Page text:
Everyone performs at their best and happiest when they can be themselves. We all want to be valued for exactly who we are. Differences at the place of work are a positives which should be celebrated. People from different backgrounds, cultures and experiences will bring more to the table and make the company stronger. Research indicates that inclusive businesses have workforces which are not only more engaged, but also more productive and motivated.
What do we mean by inclusivity?
Inclusivity is “the practice or policy of providing equal access to opportunities and resources for people who might otherwise be excluded or marginalized, such as those having physical or mental disabilities or belonging to other minority groups” (Google’s definition via Oxford Languages). An inclusive culture will allow employees to not only get employed but to be successful. Regardless of sex, race, gender, first language, religious background, age, physical ability and/or sexual orientation.
People from all backgrounds are entering the workforce, and with each new group of individuals comes a new set of insights that was previously unknown and untapped. Deloitte reports that inclusive workplaces are six times more likely to be innovative. Here are some tips to encourage and nurture a more inclusive culture.
It needs to start from the top
Inclusivity should be prioritised at C-level. If they are all middle-aged males, they will offer a middle-aged male’s perspective and that is that. C-suite executives should be educated on the importance of inclusivity and fully embrace it. It is no use running training courses for lower-level employees if the higher-ups do not truly believe and understand an inclusive culture. It also allows a safe space for leaders to blurt out what are perhaps embarrassing or awkward questions behind closed doors, avoiding public gaffes, educating themselves and unlearning certain beliefs. Once leaders are on board and feel comfortable, the company can set and prepare inclusivity initiatives that are embraced by all and therefore, authentic.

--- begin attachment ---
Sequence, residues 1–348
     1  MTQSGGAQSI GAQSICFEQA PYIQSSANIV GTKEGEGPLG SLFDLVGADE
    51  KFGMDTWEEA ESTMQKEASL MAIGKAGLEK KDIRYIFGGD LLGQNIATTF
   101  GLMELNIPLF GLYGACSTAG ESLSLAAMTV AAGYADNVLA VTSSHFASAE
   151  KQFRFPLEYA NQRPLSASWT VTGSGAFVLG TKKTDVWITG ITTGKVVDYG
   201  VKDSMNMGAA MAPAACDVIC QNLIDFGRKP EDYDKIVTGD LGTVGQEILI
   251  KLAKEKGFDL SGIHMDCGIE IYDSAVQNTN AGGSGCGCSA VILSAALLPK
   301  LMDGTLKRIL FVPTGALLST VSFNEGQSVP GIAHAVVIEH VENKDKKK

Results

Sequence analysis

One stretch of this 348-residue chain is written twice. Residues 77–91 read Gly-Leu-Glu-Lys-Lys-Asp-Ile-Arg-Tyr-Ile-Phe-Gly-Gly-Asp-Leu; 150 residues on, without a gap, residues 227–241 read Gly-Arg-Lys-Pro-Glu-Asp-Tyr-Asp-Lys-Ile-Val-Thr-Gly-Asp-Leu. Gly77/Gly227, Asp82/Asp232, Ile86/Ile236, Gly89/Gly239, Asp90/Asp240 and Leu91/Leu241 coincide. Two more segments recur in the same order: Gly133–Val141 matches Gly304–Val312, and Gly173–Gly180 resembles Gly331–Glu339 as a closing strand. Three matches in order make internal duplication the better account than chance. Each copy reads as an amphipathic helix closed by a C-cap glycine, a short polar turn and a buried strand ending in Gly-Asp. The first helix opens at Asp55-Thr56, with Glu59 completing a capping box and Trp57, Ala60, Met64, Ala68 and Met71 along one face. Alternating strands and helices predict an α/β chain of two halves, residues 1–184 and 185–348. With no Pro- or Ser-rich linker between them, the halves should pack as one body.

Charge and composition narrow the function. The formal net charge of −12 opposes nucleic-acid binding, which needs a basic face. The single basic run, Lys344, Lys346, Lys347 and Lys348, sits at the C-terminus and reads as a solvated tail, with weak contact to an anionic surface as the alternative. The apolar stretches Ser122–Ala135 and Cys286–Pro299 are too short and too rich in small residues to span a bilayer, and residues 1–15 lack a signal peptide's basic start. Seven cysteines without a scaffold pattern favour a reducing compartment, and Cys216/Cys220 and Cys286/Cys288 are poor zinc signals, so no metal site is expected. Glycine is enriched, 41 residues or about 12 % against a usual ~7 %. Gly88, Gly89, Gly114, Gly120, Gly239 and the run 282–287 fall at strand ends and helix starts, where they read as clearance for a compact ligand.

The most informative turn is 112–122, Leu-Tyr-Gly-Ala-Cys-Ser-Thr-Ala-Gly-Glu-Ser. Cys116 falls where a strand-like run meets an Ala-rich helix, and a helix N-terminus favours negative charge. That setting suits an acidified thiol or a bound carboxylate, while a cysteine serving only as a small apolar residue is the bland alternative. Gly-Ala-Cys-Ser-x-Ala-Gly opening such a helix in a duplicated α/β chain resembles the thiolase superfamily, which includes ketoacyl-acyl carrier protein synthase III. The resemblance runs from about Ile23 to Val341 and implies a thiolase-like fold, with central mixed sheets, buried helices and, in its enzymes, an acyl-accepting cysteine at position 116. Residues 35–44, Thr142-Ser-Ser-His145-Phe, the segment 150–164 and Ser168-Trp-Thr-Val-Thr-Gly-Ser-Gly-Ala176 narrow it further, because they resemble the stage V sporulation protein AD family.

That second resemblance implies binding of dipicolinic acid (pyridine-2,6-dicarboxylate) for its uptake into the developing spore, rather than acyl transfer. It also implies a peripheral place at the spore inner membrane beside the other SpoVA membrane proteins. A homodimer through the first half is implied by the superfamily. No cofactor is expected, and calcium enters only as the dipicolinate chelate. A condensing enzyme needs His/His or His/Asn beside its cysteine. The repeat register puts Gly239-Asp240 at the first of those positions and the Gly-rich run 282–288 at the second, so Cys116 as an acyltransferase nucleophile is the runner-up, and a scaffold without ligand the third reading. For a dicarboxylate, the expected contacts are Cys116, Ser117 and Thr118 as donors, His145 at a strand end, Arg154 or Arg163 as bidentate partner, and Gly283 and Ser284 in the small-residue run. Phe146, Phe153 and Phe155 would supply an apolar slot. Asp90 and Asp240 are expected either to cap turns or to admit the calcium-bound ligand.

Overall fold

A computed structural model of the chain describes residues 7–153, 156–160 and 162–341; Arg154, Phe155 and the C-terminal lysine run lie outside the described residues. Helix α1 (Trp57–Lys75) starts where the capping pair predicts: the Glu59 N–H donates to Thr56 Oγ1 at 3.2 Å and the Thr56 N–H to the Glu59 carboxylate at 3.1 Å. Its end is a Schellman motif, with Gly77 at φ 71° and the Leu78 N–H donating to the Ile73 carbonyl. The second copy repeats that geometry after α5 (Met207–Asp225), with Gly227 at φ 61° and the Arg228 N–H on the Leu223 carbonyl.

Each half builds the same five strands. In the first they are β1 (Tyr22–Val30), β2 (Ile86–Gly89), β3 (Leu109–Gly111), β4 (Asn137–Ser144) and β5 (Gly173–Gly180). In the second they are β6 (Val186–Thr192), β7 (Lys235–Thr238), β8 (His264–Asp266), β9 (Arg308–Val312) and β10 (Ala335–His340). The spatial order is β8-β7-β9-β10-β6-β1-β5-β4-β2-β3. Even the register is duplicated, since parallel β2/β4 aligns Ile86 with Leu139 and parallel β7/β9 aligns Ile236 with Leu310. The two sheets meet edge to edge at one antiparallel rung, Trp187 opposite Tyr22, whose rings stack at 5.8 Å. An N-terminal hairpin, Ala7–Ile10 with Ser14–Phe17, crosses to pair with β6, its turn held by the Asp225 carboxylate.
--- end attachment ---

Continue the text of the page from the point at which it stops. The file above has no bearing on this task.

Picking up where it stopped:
Make your policies inclusive
If the policymakers are not diverse you will find yourself hard-pressed to build and form policies which are inclusive and understanding of different realities. Ask for suggestions and feedback from employees from all levels, company-wide. Hold regular surveys and feedback sessions and work it into the regular employee reviews. This will ensure that additional perspectives build more holistic and inclusive policies and values.
Encourage a culture of one-on-one conversations
Connected to the previous point, one-on-one meetings shouldn’t be reserved solely for performance reviews or work feedback. There should also be an open dialogue that leaves an opportunity for transparent and honest conversation for employees to discuss challenges they may be facing – particularly those they may feel uncomfortable to talk about publicly. Also, leave an open suggestion box for employees to leave anonymous tips and suggestions as an opportunity for them to provide feedback on sensitive topics. In a bilingual country like Malta, being aware that an employee is more comfortable in a particular language than in another will allow them to speak freely in the language they are most communicative in. Remind them that they are not judged based on the language they speak and their preferred language does not reflect their ability to get the job done.
Note your language
As a decision maker or HR professional, the way you talk will speak in bucket loads. Make sure your language is inclusive – use the preferred pronouns, use general terms like “partner” or “significant other” rather than “husband” or “wife”. Do not make assumptions about anyone. Avoid gendered words like ‘salesman’. Do not refer to female workers as ‘girls’. Be aware of your languages and be better.
Create an inclusive task force
Once you make sure the C-suite has embraced the inclusive culture, think about stakeholders whose input will be valuable in bringing the inclusivity culture into being. They should not only be passionate about diversity and inclusivity but they should also put in the effort to raise the bar in this regard and realise it. They will be responsible for bringing new initiatives to the table and communicating change. Most importantly, make sure the task force itself is diverse.
Think about what you are rewarding
What you reward directly translates to what the company values. Think about actions and initiatives which help your company culture be more diverse and reward them.
How accessible is your office?
Is the entrance/ kitchen/ boardroom wheelchair friendly? Can you provide nursing rooms for new mums? These are all questions that can be researched and seen to by yourself or by the inclusivity task force.
Be mindful of diversity and you’re on the right track. Don’t get caught up in the politics and judgements. Remind yourself as well as your colleagues that as long as an individual is open to learn and be better the job is half done.